The second way that part (b) of the definition of dependent child may be satisfied is:

  1. If your child is 22 years of age or older AND
  2. Your child has depended substantially on your financial support since before turning 22 years of age, AND
  3. Your child is unable to be financially self-supporting due to a physical or mental condition. 

#1 above is simple enough to determine. With respect to #2, applicants are required to satisfy the Officer that since before 22 years of age, continuously up to the time the Officer is making the determination, the child depended substantially on the parent’s financial support. If there is a break, and the financial dependency was not continuous, the child is considered not to meet the definition.

With respect to #3, applicants are required to satisfy the Officer that at the time the Officer is making the determination, the child is unable to be financially self-supporting due to physical or mental condition. It is not necessary to show that the physical or mental condition existed continuously from before 22 years of age to the time the Officer is making the determination. This was clarified by Justice Gibson in Gilani v. Canada (Minister of Citizenship and Immigration), 2005 FC 1522. Again, while financial dependency must be continuous, it is not necessary to establish continuity with respect to the physical or mental condition preventing the child from being self-supporting.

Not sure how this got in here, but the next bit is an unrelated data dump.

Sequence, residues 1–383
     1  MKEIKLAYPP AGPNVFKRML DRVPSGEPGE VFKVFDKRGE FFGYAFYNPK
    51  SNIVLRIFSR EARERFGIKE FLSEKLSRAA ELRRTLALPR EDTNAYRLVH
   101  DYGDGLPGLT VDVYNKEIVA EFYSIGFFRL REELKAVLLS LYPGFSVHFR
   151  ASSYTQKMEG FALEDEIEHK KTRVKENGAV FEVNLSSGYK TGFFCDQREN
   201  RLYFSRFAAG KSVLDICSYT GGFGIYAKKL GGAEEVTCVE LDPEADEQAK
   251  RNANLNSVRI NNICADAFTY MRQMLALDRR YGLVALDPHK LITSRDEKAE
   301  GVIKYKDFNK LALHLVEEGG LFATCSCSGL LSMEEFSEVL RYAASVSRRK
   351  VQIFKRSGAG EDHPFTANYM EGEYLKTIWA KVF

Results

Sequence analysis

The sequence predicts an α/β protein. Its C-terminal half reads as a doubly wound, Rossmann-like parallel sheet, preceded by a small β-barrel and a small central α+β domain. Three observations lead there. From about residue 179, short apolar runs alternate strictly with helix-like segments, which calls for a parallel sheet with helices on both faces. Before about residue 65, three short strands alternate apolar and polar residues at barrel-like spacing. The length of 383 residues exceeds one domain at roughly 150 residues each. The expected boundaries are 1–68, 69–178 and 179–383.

There is a level of complexity in the definition of a dependent child. In order to establish that a child falls within the definition, financial, medical, or other documentation may be required.

This article is meant to clarify the definition and provide information to the public. This article should not, however, be considered legal advice. If you would like to meet with us to discuss this topic, or any other immigration-related topic, we would be pleased to assist you.